So, you have a job interview at a company you really like. It’s your dream job. Your interviews are scheduled, and you ready to start to preparing. But how?
Most candidates research the company, the interviewer, and the job, then jot down notes on what they’ll say and write out questions to ask. But how many job seekers actually write out a script for themselves? Not many! They may fear sounding wooden or robotic in the interview. Or they suspect they’ll panic if they forget their lines.
Don’t believe it. Without a script, you’re rudderless. You’ll deliver whatever comes into your head at the moment. And you won’t necessarily get across a clear, consistent message about your readiness for the job.
As a former speechwriter, I can tell you, good scripts don’t come “in the moment.” There’s a slight chance you’ll get it right. But more likely you’ll deliver mixed messages that don’t add up to a clear and compelling picture of yourself. You have to think a lot about how you’re going to tell your story. After all, it must inspire that particular interviewer, and that company.
Follow these four steps, and you’ll be able to do just that.
Step 1: Create your script
The first step is to decide how you want to tell your story in the interview.
Ask yourself, “How will I open?” You’ll want something that builds rapport with the interviewer. Perhaps, “I’ve heard so much about you and your leadership—great to meet you.” Or, “everyone I’ve met speaks so highly of you. I’ve been looking forward to our conversation.”
Next comes your message. What is the one big idea about yourself that you want the interviewer to hear? Every job seeker needs a message. It’s the distillation of what you believe about yourself as a candidate for that role. You’ll want to bring it forward early in the interview, and repeat it in various ways throughout the interview. It allows the interviewer to “get you.”
Following the message come three or four proof points that support your message. If these can be presented with quantifiable results, do so. For example, if you had a strong sales record, prove it with numbers.
End your script with next steps. Do you want the job? Then ask for it. You likely won’t say, “Do I have the job?” but it would be good to say, “I’m excited about this role. I believe I’d be an excellent fit, and I look forward to hearing about next steps.”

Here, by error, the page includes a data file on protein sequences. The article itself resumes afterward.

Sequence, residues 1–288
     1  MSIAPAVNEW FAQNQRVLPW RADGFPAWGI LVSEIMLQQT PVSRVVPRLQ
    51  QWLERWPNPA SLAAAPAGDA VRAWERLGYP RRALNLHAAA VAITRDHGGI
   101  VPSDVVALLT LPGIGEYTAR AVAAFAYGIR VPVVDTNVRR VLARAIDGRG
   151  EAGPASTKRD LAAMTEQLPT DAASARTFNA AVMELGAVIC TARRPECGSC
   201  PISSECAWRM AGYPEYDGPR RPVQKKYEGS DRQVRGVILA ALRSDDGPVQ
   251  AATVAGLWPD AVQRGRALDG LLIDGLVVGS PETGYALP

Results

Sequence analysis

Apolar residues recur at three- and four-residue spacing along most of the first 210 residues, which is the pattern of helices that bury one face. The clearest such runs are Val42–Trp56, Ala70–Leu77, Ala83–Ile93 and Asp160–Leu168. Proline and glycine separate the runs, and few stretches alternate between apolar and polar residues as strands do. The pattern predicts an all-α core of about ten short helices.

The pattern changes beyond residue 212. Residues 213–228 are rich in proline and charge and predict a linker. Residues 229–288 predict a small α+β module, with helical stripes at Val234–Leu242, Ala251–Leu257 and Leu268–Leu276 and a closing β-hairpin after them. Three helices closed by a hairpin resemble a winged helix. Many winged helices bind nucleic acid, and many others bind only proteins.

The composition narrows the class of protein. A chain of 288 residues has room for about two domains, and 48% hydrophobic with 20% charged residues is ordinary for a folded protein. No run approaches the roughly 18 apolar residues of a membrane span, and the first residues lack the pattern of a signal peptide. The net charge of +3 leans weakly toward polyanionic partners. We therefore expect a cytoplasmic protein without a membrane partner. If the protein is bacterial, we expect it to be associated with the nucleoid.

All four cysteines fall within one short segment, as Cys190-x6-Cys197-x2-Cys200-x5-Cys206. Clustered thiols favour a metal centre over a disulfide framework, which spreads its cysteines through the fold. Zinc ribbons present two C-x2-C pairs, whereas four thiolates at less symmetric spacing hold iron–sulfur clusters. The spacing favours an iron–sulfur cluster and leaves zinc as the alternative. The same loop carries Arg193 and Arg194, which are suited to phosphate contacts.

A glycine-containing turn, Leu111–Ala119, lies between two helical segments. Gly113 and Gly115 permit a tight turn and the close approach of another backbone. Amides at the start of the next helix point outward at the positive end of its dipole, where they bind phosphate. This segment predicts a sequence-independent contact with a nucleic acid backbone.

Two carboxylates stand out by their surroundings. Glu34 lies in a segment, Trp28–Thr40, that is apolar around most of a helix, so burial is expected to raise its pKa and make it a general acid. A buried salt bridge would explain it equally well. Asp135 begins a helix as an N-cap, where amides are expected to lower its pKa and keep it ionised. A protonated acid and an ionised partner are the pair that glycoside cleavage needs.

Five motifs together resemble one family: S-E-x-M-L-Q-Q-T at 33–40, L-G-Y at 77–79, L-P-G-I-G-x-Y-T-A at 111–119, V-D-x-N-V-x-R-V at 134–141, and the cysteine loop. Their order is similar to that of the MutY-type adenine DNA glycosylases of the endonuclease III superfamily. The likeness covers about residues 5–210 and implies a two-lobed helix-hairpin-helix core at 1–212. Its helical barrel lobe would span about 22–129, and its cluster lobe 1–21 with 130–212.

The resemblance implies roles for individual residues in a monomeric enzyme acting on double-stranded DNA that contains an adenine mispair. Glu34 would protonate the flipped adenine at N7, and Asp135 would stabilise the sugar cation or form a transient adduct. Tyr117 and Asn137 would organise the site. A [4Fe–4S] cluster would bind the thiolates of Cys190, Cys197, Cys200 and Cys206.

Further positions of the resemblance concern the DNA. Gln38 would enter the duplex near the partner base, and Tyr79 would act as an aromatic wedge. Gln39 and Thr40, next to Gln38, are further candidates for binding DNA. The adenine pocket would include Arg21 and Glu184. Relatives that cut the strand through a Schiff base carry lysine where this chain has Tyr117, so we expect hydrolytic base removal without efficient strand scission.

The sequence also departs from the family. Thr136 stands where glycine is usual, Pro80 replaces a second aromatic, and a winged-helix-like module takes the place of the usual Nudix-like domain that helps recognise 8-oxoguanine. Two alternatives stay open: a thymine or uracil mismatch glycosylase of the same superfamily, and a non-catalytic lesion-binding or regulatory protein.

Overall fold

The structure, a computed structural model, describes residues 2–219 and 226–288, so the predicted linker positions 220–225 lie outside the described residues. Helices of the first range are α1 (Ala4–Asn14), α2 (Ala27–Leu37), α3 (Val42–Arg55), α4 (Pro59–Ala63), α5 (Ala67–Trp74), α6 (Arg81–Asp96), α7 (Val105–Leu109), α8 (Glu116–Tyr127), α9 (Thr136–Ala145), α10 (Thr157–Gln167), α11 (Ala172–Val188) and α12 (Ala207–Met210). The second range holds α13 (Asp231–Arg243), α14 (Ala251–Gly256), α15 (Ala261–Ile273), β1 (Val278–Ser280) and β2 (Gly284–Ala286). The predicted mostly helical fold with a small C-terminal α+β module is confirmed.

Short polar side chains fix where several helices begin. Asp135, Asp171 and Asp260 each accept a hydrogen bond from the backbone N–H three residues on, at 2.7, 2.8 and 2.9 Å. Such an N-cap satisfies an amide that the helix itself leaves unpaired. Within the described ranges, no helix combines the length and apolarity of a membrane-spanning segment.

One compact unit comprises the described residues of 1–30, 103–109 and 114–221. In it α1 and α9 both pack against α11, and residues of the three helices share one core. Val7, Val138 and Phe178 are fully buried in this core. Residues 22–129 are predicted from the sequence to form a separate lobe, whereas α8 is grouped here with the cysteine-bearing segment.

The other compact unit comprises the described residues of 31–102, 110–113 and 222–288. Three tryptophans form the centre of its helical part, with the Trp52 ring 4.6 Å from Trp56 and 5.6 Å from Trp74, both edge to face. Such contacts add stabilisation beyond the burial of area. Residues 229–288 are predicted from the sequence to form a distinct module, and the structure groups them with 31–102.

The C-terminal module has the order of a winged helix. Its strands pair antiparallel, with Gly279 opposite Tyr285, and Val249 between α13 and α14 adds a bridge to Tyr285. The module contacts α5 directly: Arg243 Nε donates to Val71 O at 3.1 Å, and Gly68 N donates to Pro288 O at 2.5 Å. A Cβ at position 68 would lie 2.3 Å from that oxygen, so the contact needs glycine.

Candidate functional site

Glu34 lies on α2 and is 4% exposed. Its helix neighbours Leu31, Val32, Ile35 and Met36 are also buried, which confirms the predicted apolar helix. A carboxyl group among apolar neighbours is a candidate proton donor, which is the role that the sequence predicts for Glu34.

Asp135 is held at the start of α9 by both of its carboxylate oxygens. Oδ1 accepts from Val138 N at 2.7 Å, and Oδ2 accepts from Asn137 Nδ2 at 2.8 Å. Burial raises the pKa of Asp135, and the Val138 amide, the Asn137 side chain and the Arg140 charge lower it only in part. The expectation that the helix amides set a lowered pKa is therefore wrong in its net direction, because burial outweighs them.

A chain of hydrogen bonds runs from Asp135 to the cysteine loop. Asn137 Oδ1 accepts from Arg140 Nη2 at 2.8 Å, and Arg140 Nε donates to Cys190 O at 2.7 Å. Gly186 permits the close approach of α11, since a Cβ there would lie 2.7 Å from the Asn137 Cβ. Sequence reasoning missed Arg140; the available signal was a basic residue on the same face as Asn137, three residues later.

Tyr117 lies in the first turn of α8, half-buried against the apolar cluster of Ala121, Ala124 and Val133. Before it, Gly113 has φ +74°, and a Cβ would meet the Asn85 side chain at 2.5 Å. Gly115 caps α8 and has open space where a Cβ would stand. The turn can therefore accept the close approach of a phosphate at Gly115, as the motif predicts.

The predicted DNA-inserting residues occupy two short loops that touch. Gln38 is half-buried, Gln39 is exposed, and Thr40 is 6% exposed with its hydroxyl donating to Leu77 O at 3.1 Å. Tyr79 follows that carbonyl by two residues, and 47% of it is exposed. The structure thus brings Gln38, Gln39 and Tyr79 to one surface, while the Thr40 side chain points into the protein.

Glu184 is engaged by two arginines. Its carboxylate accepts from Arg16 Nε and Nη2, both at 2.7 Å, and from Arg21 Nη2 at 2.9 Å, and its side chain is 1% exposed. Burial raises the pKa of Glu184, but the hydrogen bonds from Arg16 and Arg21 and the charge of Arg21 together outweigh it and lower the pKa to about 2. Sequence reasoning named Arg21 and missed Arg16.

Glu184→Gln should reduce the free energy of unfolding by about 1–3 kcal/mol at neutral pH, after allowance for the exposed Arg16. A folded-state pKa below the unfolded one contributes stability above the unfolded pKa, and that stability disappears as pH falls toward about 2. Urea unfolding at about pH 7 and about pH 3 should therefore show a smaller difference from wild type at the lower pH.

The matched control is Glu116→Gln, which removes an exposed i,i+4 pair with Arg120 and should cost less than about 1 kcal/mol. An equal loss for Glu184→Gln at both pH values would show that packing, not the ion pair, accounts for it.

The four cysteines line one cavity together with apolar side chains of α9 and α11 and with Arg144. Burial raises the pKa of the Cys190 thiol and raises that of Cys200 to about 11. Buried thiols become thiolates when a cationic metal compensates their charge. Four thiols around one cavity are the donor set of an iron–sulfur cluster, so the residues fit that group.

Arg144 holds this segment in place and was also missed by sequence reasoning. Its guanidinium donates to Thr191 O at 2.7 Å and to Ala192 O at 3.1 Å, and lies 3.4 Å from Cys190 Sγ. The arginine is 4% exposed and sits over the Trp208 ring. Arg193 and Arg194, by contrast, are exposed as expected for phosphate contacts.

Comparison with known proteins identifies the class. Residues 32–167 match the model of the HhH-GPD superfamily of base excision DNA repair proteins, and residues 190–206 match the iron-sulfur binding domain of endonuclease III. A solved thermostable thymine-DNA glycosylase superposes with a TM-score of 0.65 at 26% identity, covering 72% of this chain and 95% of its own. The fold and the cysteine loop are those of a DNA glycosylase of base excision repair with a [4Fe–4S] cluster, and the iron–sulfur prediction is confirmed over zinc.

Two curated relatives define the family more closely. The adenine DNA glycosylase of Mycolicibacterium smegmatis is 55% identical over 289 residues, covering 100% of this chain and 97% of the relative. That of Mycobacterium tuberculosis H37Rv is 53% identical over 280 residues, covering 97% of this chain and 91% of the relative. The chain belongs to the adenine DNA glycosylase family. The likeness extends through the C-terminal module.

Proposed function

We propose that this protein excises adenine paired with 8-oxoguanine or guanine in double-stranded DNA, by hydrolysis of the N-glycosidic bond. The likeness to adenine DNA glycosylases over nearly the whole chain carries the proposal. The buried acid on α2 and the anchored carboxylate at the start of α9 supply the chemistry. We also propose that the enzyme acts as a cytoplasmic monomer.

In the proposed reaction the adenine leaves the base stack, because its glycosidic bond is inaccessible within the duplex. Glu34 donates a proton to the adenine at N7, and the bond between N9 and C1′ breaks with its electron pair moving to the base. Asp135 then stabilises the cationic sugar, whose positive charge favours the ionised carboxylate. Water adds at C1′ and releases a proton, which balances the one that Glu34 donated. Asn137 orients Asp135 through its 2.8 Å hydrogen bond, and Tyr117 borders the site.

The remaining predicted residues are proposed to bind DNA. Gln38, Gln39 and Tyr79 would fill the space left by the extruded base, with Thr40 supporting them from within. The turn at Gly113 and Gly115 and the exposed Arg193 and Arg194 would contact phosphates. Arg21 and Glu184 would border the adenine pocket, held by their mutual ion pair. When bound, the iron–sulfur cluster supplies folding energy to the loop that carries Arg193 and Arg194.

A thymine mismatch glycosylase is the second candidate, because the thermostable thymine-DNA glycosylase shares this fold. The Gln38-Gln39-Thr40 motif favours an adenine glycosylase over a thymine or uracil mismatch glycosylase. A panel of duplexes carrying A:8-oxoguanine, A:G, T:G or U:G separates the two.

Write out your script in full sentences or bullet points and prepare answers to any questions you might be asked. You may decide to add a “demo” or just keep it as an outline of what you want to say. And for every interview—especially if you’re applying for different jobs, or in different companies–customize your script.
Step 2: Burn it in your mind
For the script to be useful, make it your own. Go over it silently, making sure you have it down solid. In the days leading up to the interview, be obsessive about mastering it. Whether you’re having coffee, commuting to the office, or relaxing on a walk, repeat it to yourself over and over again.
Make sure it sounds like you. For example, if you’ve written “I have a deep background in the field of marketing,” you may decide it sounds too stiff. So, change it to “I’m a marketing whiz. Marketing is in my blood!” Customize the script so you sound like you’re speaking not from a script, but from your gut.
As you master your script, you’ll have something carefully thought out to say. You won’t ramble, over answer, or go blank in the interview. You’ll have ideas that you “own” and want to deliver. This will make you more purposeful.
Step 3: Rally others to rehearse with you
Call upon friends or family members to listen to you deliver your script and answer questions. If the interview is going to be over Zoom, rehearse it that way. If it’s going to be in person, rehearse it that way. If it’s a video interview, create a video.
Have the person interviewing you ask you questions, and as she probes, find opportunities to interleaf your script. This will result in a back-and-forth dialogue that mirrors the interactive conversation you’ll be having. And it will save you from sounding wooden or programmed.
Don’t worry if you don’t use exactly the same words every time you rehearse. In fact, that’s a good thing. You’ll be shaping what you say to the tone and style of the mock interview.
Step 4: You’re ready for the interview
Once you’ve rehearsed successfully, you’re ready for the interview.
Leave the script behind when you go to the interview. It’s no longer needed, because that script has become your way of thinking. And whatever comes your way during the interview, you’ll know what your message is, what points you want to make to support that message, and how to begin and end. And you’ll likewise have answers to anticipated questions. So primed, you’ll sound confident, clear, and leader-like.